The Prevalence of Informal Work and Labour
Chapter 2: Measuring the shadow economy: a review of indirect methods
Estimating the size of a shadow economy is a difficult and challenging task. When measuring the shadow economy, two contrasting methods are used. On the one hand, there are direct survey methods. These are microeconomic approaches that largely use surveys. The main disadvantages of this method are the flaws of all surveys. For example, the average precision and results depend greatly on the respondents’ willingness to cooperate, it is difficult to assess the amount of shadow work from a direct questionnaire, most interviewees hesitate to confess to fraudulent behavior and responses are of uncertain reliability, which makes it difficult to calculate a true estimate (in monetary terms) of the extent of the shadow economy. On the whole, moreover, these surveys capture the shadow labour activities in households but rarely in or between firms and do not provide value-added figures. However, they have one considerable advantage; they provide detailed information about the structure of the shadow economy, as well as the socio-economic characteristics and motives of those who work in the shadow economy, even if the results are very sensitive to the way the survey is designed and the questionnaire is formulated (see Mogensen, 1985; Mogensen et al., 1995; Pedersen, 2003).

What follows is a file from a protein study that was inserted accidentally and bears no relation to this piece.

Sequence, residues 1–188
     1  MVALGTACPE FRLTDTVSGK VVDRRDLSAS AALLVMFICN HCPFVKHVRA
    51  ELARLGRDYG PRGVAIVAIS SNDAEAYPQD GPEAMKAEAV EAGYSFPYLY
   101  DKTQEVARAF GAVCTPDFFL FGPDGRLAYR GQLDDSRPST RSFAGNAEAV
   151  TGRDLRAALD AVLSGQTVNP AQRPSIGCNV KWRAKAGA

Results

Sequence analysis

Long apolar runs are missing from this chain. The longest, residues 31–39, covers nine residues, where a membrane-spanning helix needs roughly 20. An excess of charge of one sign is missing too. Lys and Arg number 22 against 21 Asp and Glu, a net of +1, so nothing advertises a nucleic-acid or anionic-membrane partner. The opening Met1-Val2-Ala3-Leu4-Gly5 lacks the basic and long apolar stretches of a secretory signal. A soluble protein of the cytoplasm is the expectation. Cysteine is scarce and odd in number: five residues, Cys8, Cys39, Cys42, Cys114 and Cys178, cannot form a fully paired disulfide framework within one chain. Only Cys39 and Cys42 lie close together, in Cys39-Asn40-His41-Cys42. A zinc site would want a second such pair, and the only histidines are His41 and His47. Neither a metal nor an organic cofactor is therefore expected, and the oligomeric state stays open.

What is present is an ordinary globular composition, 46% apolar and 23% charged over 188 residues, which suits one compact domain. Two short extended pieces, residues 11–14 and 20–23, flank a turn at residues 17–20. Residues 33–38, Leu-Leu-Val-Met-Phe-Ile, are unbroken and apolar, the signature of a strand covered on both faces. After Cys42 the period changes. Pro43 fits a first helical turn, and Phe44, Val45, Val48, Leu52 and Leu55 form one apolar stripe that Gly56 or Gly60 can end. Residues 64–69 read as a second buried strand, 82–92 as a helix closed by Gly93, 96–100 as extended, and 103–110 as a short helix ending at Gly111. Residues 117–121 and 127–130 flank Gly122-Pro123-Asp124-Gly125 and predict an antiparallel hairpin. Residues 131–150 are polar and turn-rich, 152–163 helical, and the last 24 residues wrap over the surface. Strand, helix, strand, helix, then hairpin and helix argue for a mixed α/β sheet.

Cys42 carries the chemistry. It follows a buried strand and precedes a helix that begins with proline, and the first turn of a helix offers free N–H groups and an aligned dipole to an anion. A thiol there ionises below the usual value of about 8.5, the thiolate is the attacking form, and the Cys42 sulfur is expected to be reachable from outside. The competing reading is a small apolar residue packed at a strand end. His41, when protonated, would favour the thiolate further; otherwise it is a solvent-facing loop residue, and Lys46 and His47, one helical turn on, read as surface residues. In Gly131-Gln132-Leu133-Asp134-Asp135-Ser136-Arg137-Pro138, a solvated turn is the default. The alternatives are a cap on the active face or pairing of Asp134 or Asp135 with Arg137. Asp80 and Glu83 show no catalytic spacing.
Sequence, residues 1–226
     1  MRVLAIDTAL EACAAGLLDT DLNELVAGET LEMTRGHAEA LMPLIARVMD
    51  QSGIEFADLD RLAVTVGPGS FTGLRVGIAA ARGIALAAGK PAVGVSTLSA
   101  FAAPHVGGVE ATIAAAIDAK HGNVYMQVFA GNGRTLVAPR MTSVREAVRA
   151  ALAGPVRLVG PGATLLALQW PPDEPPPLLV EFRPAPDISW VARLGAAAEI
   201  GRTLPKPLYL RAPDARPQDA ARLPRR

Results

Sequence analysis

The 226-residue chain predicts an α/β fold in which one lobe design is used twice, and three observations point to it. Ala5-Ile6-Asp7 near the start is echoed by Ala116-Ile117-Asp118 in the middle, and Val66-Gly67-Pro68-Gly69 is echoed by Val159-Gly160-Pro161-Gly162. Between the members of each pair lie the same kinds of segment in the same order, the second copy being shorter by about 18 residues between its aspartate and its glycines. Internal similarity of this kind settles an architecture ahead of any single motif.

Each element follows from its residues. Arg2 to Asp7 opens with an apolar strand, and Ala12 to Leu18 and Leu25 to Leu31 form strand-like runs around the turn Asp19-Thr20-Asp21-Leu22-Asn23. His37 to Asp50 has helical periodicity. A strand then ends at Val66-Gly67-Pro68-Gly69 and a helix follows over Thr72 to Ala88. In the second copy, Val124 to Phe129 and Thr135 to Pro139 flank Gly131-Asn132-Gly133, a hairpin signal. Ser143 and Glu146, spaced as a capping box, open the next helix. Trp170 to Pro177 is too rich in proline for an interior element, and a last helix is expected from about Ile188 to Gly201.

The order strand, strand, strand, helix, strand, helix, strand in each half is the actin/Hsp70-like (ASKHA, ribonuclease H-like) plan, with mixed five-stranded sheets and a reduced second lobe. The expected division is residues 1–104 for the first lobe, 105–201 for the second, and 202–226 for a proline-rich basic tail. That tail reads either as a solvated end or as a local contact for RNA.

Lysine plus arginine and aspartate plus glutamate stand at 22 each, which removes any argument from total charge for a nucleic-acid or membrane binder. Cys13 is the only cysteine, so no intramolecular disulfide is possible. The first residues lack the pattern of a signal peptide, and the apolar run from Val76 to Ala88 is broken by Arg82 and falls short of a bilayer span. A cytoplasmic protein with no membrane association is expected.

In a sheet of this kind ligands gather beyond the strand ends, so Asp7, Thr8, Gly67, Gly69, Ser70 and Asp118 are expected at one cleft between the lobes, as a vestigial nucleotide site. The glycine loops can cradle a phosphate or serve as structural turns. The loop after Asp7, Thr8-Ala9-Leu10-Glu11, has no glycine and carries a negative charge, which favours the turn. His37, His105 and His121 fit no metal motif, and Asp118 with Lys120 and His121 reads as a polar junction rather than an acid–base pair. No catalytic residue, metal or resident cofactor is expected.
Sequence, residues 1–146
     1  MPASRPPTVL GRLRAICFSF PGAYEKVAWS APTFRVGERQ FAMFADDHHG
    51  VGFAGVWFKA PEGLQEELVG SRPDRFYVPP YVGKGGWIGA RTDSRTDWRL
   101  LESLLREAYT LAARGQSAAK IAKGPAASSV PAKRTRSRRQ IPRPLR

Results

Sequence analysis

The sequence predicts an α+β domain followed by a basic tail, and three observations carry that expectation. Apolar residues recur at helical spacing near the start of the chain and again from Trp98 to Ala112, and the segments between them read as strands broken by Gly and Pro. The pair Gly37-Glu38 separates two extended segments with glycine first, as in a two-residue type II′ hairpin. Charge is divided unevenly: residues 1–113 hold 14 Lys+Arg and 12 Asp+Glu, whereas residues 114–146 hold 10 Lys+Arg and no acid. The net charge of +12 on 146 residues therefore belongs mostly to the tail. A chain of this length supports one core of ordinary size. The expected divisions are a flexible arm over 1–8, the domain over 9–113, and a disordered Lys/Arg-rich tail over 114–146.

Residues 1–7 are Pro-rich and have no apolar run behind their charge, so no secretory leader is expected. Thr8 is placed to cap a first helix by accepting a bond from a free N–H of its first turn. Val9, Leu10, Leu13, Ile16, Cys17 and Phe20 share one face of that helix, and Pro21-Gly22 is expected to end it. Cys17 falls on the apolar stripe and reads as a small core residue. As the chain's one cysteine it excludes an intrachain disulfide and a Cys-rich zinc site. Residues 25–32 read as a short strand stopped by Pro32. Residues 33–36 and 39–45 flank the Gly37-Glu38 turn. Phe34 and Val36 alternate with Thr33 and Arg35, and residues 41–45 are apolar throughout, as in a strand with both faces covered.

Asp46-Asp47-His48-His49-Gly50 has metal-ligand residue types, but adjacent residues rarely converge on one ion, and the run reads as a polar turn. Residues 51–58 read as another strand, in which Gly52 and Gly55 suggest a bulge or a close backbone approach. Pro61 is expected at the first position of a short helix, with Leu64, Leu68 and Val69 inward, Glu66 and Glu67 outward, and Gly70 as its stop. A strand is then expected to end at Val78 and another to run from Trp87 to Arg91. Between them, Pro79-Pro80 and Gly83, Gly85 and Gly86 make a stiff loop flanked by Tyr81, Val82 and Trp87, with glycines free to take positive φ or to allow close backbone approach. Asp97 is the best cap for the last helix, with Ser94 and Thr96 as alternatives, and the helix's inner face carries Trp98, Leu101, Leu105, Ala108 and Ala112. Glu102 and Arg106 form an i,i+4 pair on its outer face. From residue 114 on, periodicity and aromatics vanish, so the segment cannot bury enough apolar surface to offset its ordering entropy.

You are not authenticated to view the full text of this chapter or article.
Elgaronline requires a subscription or purchase to access the full text of books or journals. Please login through your library system or with your personal username and password on the homepage.
Non-subscribers can freely search the site, view abstracts/ extracts and download selected front matter and introductory chapters for personal use.
Your library may not have purchased all subject areas. If you are authenticated and think you should have access to this title, please contact your librarian.